The show came up and I was really looking forward to jamming anything with them. It came up that I would sing “Hey Joe” with Slash. So I talked to him and said, “Hey, I’d love to sing these songs”, the one Velvet tune and then the Guns N’ Roses song. So I went up and sang them. I felt like we’d been a band for a lifetime for some reason. I looked around and I felt like – I don’t know what it was. I wasn’t nervous, I wasn’t uncomfortable, it just felt fucking great. I had a lot of fun doing it, so we spoke. I’m gonna head out in a few weeks and we’re gonna get together and just see again how it feels. [Throughout the month of December, Gnecco was in Los Angeles writing with Slash and Duff McKagan].

So you guys are going to be writing together then?

[Long pause] Yeeeesssss.

[Laughs] You really hesitated with that yes.

Well, I don’t wanna say anything. I don’t know what it’s gonna be and I don’t think they know.  I think the most honest thing to say here is that I had a great time playing with them. I’m definitely open and looking forward to trying to create new music with them that we all feel great about. If we can do it, then that’s great.

Say something comes out of this, because just from reading online, there have been a lot of mixed reactions from your fans about these rumours.


You’re known for being a musician who will fight and do everything you can to maintain your integrity.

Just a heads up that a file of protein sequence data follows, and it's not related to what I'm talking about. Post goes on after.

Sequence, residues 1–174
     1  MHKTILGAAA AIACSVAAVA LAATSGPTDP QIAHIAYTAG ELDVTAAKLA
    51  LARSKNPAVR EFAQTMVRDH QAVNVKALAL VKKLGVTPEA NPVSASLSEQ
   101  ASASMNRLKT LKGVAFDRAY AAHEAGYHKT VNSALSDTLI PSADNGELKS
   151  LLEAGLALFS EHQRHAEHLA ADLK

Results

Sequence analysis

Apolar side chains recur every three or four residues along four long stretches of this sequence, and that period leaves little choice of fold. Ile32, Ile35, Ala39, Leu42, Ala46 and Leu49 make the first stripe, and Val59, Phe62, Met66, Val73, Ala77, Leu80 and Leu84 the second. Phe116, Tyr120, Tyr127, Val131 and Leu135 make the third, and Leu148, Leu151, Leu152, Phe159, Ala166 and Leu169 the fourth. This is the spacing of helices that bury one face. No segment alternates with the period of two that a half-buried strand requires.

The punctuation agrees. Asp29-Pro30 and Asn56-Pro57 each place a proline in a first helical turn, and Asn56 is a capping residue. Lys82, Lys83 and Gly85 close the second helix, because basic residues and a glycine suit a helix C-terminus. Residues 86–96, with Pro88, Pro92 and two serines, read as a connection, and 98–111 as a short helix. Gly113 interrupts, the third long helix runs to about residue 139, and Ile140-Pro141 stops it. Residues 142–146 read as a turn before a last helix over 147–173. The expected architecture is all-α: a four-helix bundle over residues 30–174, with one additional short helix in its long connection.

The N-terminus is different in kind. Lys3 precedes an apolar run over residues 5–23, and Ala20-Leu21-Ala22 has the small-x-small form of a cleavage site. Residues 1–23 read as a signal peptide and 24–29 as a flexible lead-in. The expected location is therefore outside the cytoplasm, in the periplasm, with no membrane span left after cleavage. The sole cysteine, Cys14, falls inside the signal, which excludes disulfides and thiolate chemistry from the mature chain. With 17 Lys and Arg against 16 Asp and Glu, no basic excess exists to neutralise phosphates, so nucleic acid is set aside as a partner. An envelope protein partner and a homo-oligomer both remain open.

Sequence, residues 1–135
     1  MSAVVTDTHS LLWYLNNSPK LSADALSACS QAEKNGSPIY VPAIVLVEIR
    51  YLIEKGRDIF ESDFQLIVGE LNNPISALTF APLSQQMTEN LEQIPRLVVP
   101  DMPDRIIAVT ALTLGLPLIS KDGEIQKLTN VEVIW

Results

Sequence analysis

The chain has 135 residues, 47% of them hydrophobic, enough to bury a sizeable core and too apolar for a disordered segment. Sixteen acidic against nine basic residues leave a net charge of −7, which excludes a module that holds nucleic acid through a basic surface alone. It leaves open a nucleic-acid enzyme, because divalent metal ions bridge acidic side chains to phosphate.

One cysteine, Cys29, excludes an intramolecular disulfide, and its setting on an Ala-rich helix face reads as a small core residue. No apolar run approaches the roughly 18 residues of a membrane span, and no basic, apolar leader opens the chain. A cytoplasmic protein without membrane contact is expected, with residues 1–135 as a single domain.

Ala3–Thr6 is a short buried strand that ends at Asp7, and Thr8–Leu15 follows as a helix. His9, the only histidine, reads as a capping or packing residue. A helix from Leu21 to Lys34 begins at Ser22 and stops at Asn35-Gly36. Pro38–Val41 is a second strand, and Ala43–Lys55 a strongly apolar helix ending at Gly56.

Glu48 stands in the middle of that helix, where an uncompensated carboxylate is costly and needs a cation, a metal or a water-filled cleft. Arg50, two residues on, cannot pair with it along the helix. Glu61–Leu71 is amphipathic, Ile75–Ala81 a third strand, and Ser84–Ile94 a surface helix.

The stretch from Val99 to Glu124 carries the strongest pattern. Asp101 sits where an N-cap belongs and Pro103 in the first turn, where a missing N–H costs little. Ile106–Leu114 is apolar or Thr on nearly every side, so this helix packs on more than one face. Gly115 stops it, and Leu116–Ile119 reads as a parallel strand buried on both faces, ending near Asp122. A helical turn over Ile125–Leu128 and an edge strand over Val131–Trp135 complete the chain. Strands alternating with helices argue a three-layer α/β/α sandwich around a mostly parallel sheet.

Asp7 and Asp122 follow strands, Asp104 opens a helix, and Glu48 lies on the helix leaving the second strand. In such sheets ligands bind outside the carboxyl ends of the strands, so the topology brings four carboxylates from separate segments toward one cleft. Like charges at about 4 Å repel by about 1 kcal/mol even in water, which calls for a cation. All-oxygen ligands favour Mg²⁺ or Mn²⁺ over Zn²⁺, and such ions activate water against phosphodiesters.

So what do you think of fans that might view this as, dare I say, a “sellout” move or something like that?

[Laughs] It’s hard to say sellout move because we haven’t done anything yet. It’s not like they offered me 10 million dollars and I’m selling out. If we don’t write great songs, then there’s no selling out anything [laughs]. We can only hope to sell out stadiums [laughs]. It’s not really a sell out move, I like what they do. Slash has always been one of my favourite guitar players. I’ve always loved and respected Duff as well, so I wouldn’t see it as selling out.

What I would say to those people is just hang in there for a little while. I understand why they feel that way. But just hang in there, we’re gonna try to make great music. That’s the whole thing. They might really like it. I can tell you one thing; I’m not just going to join a cover band. You know what I mean? So in that sense if anybody is saying it’s selling out well – I’d say just be patient, and if they don’t wanna be patient then they can come pay my rent if they’re that worried about it. Then I won’t have to go out and write songs with anybody else [laughs].

Because when you google your name [in the news section], it’s attached to a lot of articles regarding Velvet Revolver’s new lead singer –

Really? Interesting.

Yeah, I guess you don’t pay attention to what’s happening online?

[Pause] You know, [pause] … that’s not for me [laughs]. I’ve watched the videos of us playing together because I had a great time and enjoy them. It’s like watching somebody else’s life in a sense. I watch that and I say, “Am I auditioning with Guns N’ Roses essentially? Yeah, I guess I am. That was a lot of fun. It felt like my band.” Any time you’re in a band, it should always feel like your band no matter who you are. If you’re the drummer you say, “Yeah, my band.” If you’re the keyboard player, “It’s my band” so it felt like home to me, so we’ll see what happens [laughs].